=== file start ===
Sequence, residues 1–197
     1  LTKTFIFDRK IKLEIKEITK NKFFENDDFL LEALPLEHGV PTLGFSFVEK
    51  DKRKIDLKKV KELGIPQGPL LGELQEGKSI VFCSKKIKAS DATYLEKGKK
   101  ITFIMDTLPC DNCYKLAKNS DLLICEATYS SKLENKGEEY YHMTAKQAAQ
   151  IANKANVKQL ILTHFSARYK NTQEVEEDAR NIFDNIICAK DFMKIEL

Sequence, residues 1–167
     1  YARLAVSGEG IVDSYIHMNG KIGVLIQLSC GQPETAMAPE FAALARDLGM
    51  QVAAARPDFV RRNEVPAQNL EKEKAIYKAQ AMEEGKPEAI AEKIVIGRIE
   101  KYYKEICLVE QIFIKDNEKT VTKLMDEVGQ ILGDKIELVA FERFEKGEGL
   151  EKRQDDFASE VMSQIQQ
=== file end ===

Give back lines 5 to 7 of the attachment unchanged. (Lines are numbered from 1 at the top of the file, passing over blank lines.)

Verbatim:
   151  IANKANVKQL ILTHFSARYK NTQEVEEDAR NIFDNIICAK DFMKIEL

Sequence, residues 1–167
     1  YARLAVSGEG IVDSYIHMNG KIGVLIQLSC GQPETAMAPE FAALARDLGM